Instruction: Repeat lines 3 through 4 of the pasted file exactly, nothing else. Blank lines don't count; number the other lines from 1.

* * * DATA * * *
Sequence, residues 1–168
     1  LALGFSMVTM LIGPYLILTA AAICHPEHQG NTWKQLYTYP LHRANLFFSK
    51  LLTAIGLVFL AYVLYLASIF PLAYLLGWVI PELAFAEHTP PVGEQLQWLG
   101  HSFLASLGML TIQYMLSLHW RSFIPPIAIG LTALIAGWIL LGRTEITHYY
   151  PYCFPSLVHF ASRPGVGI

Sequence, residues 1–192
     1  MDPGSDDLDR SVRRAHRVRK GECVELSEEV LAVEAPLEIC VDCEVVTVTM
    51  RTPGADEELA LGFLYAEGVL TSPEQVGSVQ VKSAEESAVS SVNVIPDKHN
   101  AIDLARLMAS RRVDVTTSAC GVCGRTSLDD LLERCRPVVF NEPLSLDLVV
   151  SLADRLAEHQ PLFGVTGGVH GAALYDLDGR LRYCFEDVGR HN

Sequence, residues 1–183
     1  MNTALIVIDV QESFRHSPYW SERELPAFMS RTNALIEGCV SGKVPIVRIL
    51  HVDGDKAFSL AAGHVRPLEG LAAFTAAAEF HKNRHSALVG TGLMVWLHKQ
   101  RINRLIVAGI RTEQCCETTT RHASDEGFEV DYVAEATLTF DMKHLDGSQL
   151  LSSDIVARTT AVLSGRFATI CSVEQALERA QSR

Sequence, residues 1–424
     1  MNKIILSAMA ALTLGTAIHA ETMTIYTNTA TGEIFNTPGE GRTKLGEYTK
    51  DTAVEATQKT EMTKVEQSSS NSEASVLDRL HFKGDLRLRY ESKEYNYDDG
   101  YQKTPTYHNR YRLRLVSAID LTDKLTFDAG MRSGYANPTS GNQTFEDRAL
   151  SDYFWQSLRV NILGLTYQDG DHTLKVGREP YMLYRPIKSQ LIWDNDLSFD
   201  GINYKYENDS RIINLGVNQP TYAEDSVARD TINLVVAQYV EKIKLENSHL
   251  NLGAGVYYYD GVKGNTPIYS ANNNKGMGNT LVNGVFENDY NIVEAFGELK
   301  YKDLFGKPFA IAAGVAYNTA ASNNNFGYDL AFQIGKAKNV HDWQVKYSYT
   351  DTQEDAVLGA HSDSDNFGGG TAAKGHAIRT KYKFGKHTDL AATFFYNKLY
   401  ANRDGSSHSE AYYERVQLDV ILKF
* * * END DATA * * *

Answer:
    51  LLTAIGLVFL AYVLYLASIF PLAYLLGWVI PELAFAEHTP PVGEQLQWLG
   101  HSFLASLGML TIQYMLSLHW RSFIPPIAIG LTALIAGWIL LGRTEITHYY